Sep 04, 2005 | Olympus Camedia C-770 Digital Camera

1 Answer

Exif 2.2


Exif 2.2 is an image format created by JEIDA (Japan Electronic Industry Development Association) for storing information with image data such as shutter speed, aperture, flash, date, etc. Some printers have the capability to automatically adjust the print quality using this information.

Sep 04, 2005 | Olympus Camedia C-765 Digital Camera

1 Answer

Exif 2.2


Exif 2.2 is an image format created by JEIDA (Japan Electronic Industry Development Association) for storing information with image data such as shutter speed, aperture, flash, date, etc. Some printers have the capability to automatically adjust the print quality using this information.

Sep 04, 2005 | Olympus Camedia C-740 Ultra Zoom Digital...

1 Answer

F8 aperture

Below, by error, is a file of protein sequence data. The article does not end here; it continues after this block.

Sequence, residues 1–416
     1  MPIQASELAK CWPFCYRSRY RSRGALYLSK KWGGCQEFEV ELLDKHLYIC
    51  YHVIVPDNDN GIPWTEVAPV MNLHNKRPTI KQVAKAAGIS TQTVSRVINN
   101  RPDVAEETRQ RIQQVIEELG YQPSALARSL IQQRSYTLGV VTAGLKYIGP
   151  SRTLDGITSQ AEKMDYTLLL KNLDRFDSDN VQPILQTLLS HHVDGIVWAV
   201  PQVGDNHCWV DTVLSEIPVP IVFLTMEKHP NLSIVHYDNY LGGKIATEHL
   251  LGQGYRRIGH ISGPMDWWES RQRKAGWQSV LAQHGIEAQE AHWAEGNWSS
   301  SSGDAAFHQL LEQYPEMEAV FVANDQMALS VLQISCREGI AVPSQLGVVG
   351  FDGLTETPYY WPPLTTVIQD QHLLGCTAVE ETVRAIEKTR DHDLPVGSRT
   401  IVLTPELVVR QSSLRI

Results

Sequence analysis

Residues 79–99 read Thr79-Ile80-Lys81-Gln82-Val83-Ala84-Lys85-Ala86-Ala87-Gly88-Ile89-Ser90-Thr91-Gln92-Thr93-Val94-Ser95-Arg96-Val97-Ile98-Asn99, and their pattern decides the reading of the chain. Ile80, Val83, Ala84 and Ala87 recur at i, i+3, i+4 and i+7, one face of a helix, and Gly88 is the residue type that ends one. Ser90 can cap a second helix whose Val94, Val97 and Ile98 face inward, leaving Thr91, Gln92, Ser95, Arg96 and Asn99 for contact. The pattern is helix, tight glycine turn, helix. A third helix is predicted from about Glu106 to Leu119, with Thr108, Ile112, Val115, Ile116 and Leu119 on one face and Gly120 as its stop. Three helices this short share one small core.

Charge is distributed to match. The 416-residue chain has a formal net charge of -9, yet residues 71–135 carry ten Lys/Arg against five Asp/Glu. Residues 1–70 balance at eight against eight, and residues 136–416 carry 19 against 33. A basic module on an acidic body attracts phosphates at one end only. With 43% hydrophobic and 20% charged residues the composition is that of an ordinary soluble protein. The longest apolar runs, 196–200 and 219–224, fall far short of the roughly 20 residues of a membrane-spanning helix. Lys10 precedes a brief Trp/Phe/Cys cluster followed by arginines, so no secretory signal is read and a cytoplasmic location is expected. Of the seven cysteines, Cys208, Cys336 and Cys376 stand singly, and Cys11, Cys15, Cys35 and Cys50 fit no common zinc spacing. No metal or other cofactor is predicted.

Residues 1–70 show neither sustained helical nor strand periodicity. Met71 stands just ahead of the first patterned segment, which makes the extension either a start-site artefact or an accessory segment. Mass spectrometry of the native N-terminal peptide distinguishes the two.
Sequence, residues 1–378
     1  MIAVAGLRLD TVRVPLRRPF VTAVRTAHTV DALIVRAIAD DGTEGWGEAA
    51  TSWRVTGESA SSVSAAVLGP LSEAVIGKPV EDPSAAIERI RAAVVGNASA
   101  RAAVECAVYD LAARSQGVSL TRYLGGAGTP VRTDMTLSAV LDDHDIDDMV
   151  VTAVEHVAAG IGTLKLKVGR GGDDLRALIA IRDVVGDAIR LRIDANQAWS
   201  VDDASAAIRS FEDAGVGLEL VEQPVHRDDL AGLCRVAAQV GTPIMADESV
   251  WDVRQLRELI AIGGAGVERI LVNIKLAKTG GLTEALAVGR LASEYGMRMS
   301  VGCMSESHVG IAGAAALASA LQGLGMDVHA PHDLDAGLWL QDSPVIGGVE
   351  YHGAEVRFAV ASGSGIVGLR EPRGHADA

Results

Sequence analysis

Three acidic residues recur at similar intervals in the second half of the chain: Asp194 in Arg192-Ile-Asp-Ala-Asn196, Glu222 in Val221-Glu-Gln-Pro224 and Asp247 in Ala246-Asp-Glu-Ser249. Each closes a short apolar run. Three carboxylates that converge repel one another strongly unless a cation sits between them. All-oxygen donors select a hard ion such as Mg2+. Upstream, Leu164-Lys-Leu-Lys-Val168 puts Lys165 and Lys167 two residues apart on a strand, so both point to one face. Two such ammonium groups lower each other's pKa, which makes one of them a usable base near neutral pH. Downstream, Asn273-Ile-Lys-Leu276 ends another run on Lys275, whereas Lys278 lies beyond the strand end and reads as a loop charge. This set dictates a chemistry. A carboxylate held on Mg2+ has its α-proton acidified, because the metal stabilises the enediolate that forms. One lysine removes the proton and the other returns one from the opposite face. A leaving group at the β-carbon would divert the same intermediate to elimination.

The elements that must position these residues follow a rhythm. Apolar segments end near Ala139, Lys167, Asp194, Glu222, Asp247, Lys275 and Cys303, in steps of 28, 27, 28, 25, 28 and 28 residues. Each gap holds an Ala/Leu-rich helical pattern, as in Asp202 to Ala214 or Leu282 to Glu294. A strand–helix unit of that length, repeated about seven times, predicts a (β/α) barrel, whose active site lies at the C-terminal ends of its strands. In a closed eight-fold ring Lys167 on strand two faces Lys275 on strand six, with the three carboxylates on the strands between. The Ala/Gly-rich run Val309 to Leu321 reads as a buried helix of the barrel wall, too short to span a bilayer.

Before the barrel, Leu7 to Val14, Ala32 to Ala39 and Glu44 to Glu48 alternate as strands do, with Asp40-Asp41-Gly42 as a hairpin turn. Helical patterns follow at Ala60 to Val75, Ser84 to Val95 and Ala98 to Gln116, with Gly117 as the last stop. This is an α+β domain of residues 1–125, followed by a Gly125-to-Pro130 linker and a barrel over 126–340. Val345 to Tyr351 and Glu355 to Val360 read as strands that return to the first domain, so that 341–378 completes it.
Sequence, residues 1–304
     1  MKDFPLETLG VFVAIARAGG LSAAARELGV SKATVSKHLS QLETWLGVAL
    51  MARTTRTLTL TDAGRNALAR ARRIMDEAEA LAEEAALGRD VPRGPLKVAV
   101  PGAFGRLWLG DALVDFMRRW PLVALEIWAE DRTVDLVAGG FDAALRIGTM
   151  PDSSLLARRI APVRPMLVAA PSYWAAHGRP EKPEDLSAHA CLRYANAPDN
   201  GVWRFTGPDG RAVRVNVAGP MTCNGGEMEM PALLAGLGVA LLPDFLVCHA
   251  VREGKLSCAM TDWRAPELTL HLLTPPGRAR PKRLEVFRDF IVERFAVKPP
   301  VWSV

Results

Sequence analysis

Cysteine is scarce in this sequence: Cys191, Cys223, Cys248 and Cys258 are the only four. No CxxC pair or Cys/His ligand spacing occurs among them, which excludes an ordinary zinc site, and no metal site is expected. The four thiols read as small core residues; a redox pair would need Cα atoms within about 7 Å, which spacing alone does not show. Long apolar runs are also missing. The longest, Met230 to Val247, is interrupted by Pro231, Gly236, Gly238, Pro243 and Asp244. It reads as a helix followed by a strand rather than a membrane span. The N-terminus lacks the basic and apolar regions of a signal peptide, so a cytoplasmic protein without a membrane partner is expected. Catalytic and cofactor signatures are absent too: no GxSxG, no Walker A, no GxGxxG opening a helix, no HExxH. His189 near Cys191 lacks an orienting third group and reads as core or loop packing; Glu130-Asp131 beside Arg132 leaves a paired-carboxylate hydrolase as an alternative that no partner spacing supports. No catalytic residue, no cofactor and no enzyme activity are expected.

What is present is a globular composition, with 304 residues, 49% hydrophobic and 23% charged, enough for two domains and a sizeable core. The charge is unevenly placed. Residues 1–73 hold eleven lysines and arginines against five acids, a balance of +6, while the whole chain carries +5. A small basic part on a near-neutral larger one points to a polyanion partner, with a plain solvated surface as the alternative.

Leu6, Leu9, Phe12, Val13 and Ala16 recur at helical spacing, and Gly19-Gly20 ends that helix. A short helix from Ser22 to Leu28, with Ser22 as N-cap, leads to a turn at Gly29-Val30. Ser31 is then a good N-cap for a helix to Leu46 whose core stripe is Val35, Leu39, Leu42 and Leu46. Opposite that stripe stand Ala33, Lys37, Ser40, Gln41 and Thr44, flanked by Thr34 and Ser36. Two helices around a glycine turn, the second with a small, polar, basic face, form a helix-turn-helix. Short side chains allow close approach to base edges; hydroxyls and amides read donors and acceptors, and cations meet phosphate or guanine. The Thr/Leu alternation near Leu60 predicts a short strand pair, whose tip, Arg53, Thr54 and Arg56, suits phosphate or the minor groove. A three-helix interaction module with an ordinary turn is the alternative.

You are able to shoot at F8 by opening the lens barrier and sliding the macro switch to the Macro mode. This provides a mechanical aperture of F8. We recommend the use of this setting either when shooting close up images or when shooting images in a very brightly lit scene. Unfortunately, because the aperture is mechanical, the EXIF information is not recorded. Therefore, you can not see whether you photographed an image in the Macro mode or if the aperture has been changed. However, you can physically see the aperture close down by looking at the lens with a magnifying glass or loupe when turning the sliding the macro switch to the Macro mode.

Aug 31, 2005 | Olympus Camedia D-380 Digital Camera

1 Answer

F8 aperture


You are able to shoot at F8 by opening the lens barrier and sliding the macro switch to the Macro mode. This provides a mechanical aperture of F8. We recommend the use of this setting either when shooting close up images or when shooting images in a very brightly lit scene. Unfortunately, because the aperture is mechanical, the EXIF information is not recorded. Therefore, you can not see whether you photographed an image in the Macro mode or if the aperture has been changed. However, you can physically see the aperture close down by looking at the lens with a magnifying glass or loupe when turning the sliding the macro switch to the Macro mode.

Aug 31, 2005 | Olympus Camedia D-370 Digital Camera